Some abusers will rely on the positon they hold, as status can be used as cloak to avoid suspicion. This is well illustrated in the case of Myles Bradbury. He was a doctor and a skilful one at that. He was a consultant haematologist, treating some of the country’s most unwell children. He treated young children with haemophilia, leukaemia and other serious illnesses at Addenbrooke's Hospital.
Dr Myles Bradbury sexual abused a number of young patients
A report commissioned by Addenbrooks’s Hospital, after Bradbury’s behaviour was reported, revealed clearly how he was able to use his status to protect him from suspicion. The report recorded that one mother watched Bradbury slip his hand under her daughter's top without warning, but she did not want to question his professionalism. This particular mother was probably not the only parent to assume the actions of Bradbury were undertaken with professional intent. Indeed, the writer is aware of patients and parents, in another setting, not suspecting the real intentions of a doctor, who was abusing his position.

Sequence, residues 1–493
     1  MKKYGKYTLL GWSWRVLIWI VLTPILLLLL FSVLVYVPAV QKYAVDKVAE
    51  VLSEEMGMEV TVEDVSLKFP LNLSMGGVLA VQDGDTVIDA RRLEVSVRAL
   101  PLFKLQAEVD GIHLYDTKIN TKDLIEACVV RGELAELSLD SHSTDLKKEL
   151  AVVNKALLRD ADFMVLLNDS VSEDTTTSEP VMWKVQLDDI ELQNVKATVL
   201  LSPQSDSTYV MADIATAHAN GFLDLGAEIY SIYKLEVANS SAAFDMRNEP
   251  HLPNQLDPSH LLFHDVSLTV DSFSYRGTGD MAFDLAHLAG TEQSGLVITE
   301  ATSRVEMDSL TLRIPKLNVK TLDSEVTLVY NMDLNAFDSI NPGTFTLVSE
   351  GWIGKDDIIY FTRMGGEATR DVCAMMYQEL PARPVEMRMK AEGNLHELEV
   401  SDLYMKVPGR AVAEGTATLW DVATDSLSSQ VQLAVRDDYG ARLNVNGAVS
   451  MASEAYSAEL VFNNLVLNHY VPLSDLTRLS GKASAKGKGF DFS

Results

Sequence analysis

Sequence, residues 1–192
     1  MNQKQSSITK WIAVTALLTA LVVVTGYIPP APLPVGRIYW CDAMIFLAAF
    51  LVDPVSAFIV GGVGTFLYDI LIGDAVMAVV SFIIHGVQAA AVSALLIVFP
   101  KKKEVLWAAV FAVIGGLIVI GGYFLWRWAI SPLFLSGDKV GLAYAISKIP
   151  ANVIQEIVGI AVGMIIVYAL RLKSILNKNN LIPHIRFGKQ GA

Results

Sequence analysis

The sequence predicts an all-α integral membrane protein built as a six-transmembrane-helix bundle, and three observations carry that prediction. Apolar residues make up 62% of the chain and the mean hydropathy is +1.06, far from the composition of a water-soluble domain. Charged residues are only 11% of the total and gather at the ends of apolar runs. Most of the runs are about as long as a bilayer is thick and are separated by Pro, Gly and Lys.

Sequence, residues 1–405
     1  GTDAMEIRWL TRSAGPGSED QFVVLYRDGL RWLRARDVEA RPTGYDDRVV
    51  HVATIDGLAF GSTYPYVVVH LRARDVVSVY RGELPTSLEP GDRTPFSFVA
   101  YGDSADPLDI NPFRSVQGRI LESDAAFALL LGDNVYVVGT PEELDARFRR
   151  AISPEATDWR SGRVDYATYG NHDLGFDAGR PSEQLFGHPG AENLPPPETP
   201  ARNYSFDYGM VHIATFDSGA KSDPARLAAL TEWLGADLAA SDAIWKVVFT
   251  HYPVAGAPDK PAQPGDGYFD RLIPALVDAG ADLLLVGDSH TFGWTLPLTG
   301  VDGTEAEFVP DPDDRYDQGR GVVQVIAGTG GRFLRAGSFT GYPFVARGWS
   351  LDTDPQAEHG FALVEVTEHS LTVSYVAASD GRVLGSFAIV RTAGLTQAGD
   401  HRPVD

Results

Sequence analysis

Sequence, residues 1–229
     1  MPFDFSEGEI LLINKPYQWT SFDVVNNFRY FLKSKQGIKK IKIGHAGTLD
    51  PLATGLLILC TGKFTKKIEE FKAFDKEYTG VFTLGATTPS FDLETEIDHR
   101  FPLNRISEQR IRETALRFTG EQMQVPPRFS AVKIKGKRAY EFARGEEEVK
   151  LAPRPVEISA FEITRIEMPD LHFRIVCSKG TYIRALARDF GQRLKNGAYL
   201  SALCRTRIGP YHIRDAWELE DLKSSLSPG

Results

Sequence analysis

As to Bradbury, he used excessive puberty checks as an excuse to assault patients, while their parents sat unaware on the other side of the curtain. He took images of his victims, using a spy pen, which contained over 170,000 image of boys partially clothed, none indecent. It seems it was not just patients and parents who were in awe of his position, but other health professionals too. The hospital had a rule that a chaperone should be present for the examination of patients. Unfortunately, this was often ignored. One nurse thought Bradbury was "bending over backwards" to be flexible when he saw patients out-of-hours.